(faint popping) And you look up, and it's these shells that have exploded, and it's like... it's like an octopus and tentacles coming down from the sky.
(popping) >> This bright white light, with a trail on it like a comet, comes sailing in and then it explodes right above us.
And... and these flaming sort of chunks of rock were coming off, and, and they were... people were just scrambling and like trying not to get hit, and, you know, what the hell is that?
I got hit in the back in my pack and it just burned right through my pack.
It burned through my sleeping bag.
♪ ♪ As I learned later, it was phosphorous, white phosphorous, and those are our-- meaning American-- rounds.
I mean those were fired by American guys.
Like at what?
Uh, at whom?
Like I had no idea.
>> We go from there, still on this road like 200 meters into Fallujah.
We're right on the edge of the city and it's, it's a big city.
And then they get to this road that they called Phase Line Cathy, and it's this big east-west road that crosses Fallujah.
And just to get to that road, it took them all morning, hours and hours of fighting, like every step of the way they had to fight.
>> Spread out, (indistinct), spread them out!
>> Like you're running down the street and you can hear the bullets ricocheting around you, like bouncing off the street, coming off the concrete.
(rapid gunfire echoing) And then it stops, and you, you get up to this area that the fire was coming from, and there's a marine scout team up there and three dead insurgents in the road.
♪ ♪ (soldiers shouting) >> Whoa!
(loud explosion, glass shattering) >> First house we cleared was a little bit of chaos.
A lot adrenalin rushing.
Fortunately, there was no insurgents in the house, but it wasn't exactly how we planned.
There was a lot of people in there, we were congested, and that's not how we do things, but we wanted to make entry and... in Fallujah, the safest place you can be is inside a cleared house.
>> And now we're in this house on a corner, and we had to cross this road to get to the cultural... what they were calling the cultural center-- this big, like, five-story, four-story building on the other side of the street.
And so, one of the lieutenants stands at the gate and says, "All right, go, first platoon go."
And these 40 guys like, stacked, stream out and just run across this street and then it begins.
(rapid gunfire) All of this gunfire starts.
A guy falls on the street.
Second platoon goes out.
Some guys drag this guy out of the street and another guy gets dropped.
♪ ♪ And then I'm with this last platoon sitting in the house, and I remember saying to Dexter, like, "I really...
I don't know if I can do this."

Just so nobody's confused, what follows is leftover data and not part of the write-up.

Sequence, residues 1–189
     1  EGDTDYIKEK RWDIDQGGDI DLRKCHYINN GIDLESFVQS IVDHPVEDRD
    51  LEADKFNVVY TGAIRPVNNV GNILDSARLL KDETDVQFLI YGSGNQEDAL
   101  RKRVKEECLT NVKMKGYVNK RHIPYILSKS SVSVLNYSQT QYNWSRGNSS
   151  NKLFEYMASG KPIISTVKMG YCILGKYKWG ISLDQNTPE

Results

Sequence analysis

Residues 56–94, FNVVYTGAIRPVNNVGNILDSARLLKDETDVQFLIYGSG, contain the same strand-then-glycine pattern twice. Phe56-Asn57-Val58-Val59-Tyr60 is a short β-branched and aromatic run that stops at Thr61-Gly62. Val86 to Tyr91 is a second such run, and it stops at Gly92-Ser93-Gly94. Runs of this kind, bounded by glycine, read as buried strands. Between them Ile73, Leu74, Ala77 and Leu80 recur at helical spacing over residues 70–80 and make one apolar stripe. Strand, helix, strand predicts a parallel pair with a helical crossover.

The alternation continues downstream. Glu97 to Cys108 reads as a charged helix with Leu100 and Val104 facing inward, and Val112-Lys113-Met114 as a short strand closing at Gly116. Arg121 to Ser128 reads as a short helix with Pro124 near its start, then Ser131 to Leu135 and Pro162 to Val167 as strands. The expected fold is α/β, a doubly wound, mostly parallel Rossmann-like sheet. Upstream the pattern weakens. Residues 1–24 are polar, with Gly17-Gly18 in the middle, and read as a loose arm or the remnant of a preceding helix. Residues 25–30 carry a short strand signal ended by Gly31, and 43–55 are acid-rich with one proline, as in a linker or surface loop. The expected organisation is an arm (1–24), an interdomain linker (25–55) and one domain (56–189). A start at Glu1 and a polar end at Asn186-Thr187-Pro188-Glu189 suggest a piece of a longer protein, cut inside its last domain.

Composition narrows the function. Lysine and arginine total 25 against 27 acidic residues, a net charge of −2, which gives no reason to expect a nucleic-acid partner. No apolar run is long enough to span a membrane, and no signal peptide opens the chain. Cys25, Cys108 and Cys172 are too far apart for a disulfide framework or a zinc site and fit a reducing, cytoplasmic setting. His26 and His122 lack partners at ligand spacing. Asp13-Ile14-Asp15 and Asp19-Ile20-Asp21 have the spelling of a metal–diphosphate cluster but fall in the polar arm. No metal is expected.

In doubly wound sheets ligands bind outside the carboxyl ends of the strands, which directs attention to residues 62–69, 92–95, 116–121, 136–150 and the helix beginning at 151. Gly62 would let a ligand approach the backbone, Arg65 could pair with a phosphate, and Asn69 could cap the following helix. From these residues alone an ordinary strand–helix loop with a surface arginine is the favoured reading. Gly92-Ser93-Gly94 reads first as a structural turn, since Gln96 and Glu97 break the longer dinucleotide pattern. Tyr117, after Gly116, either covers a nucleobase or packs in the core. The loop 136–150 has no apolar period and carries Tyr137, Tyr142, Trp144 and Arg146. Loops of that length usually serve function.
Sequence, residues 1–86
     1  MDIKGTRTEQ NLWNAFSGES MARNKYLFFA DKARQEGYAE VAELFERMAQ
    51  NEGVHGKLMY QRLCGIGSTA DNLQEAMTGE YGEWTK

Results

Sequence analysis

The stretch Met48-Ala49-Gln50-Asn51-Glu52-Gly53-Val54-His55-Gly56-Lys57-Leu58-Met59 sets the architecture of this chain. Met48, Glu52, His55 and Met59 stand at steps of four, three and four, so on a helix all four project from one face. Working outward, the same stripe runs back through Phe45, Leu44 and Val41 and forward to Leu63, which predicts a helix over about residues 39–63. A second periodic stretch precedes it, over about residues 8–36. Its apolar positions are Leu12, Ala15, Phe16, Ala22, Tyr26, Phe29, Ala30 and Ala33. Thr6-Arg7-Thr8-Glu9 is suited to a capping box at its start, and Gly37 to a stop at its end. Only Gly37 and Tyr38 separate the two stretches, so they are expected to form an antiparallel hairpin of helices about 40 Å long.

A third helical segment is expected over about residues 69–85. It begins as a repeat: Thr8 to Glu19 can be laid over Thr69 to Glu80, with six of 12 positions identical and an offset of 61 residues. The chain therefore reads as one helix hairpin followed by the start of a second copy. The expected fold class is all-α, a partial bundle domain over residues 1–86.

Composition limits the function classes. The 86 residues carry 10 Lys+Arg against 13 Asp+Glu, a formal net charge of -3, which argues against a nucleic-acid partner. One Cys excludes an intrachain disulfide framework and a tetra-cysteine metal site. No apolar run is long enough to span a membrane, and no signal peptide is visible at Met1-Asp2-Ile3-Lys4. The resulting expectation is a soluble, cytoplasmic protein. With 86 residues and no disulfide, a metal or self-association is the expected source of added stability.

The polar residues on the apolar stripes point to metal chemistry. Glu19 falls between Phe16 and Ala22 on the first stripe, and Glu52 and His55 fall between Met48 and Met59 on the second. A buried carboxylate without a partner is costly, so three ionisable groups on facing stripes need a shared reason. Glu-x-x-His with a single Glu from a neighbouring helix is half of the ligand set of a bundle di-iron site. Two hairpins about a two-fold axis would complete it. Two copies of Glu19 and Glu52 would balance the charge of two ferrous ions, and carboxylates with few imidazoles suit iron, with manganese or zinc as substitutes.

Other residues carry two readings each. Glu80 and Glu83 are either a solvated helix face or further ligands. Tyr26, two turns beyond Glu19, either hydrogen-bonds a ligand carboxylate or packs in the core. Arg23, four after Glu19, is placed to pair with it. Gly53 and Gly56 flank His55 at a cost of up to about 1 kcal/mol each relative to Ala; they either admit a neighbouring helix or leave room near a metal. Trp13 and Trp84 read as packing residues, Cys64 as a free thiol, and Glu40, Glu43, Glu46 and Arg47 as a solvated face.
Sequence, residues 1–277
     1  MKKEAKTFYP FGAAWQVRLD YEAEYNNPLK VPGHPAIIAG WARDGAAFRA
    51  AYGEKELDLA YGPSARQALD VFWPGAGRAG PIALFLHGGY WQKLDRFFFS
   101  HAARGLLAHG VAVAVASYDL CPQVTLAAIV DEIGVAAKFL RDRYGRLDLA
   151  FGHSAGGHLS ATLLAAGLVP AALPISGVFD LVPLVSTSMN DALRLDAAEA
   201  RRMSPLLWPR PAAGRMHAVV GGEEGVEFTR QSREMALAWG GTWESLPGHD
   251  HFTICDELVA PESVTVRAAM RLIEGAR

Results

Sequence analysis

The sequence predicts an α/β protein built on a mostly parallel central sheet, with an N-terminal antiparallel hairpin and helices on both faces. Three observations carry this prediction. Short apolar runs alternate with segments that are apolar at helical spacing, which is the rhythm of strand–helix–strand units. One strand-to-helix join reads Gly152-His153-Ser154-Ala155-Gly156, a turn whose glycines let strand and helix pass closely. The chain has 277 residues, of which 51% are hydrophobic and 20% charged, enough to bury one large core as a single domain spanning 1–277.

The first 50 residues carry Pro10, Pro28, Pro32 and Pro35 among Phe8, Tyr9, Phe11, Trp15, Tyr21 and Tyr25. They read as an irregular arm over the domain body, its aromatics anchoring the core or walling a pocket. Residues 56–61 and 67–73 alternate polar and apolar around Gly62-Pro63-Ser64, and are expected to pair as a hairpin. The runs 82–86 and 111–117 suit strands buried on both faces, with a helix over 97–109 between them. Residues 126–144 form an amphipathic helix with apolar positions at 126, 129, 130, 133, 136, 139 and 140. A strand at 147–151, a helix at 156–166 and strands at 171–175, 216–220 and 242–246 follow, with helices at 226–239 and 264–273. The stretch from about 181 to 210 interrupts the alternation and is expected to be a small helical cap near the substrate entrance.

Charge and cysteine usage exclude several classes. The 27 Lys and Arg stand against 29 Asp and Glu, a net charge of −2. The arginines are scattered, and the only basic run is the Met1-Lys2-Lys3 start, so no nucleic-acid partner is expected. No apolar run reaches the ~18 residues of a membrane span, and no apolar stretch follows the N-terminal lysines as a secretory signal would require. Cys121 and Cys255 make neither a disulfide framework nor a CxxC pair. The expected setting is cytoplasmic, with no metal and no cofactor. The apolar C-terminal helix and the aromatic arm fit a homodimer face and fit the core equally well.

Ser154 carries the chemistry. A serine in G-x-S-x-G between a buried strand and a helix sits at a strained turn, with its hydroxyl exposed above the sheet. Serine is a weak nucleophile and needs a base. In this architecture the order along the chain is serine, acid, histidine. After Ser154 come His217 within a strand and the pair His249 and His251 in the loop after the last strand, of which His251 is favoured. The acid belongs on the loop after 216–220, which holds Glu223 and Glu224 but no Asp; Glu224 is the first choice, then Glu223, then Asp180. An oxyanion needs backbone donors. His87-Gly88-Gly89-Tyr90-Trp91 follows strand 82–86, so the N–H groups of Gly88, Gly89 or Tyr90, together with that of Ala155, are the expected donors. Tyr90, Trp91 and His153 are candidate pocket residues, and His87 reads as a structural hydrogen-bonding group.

Like you're running straight into gunfire.
And I don't...
I don't remember what he said but, I remember them just shouting, like, "Third platoon, go, go, go!"
So I watched everybody go out and then just ran.
And like they say time slows down, but it really, it really does.
Like you can feel every step that you're taking.
You can see everything taking place in slow motion around you.
♪ ♪ I saw so many bodies, and I saw so many Marines go down, but I never saw an insurgent.
Like I never saw an insurgent alive with a gun.
They... but they were ghosts.
They blended in with this environment so perfectly.
(rapid gunfire) >> Where is it?
>> Where they at?
(indistinct shouting) (gunshot, soldier cries out) (rapid gunfire) >> Is he inside?
(rapid gunfire) Watch out!
(indistinct shouting, gunfire) >> Hey, you got him?!
(rapid gunfire) >> Hey, he's wounded in between these two houses.
(gunshot) >> He's done.
>> Hold on... (indistinct shouting) ♪ ♪ >> Our mission was to clear the city of insurgents.
It's not right to use the term seek and destroy, but it was a full-on frontal assault into the city of Fallujah, and you don't stop until everybody stops shooting.
♪ ♪ (gunfire) >> When you have a thousand of them moving into a town like that with all their firepower, it's a terrifying force.
Just a massive killing machine.
(explosion) (rapid gunfire) (whooshing sound) (loud explosion) ♪ ♪ >> Target!
(loud blast) (loud explosion, rapid gunfire) ♪ ♪ >> (speaking Arabic): ♪ ♪ ♪ ♪ (distant blast) ♪ ♪ ♪ ♪ >> (speaking Arabic): (chanting playing over speaker) (loud explosion) (ringing sound) >> (speaking Arabic): ♪ ♪ >> (speaking Arabic): ♪ ♪ (bomb bursting) (gun striking metal, glass breaking) ♪ ♪ ♪ ♪ ♪ ♪ >> Ashley and I were in Fallujah with the Marines for several days, and we were getting shot at like every step of the way.
(gunfire) >> Once you start getting shot at, it all changes.
Once you start getting shot at and don't run for the hills, then you start building trust really quickly.
Because they realize, and I heard this from multiple different military units, they think that the way we work as journalists is we have a template, an idea of what they're doing, and we're going out there to show how bad they are.
But once you cross the wire with them, then they start saying "Ah, okay, you're here to see how it really is."
And I think that as the war dragged on, the marines, they realized nobody gave a (bleep) what they were doing in Iraq.
So when we would come out and actually tell stories, their stories.
>> I mean these guys were like, in the thick of it, terrified just like we were.
We'd been trained for it; we have weapons to defend ourselves and body armor and, you know, that type of stuff.
Those guys were just... thrown right into it, like, "Go get 'em."
(laughing): You know, "Go tell the story."
>> Ashley and I just... it was so hard, trying to file our stuff, you know, like, I'm trying to write my story and Ashley is trying to file his pictures, and I was always looking for electricity.
And so I remember, like, the first day, I don't know what I was thinking, but I ran into the street because there was a car out there, and, you know, pulled the lid up, and tried to put my little battery clips on the car battery.
I, I don't want to think about that, because there were snipers everywhere.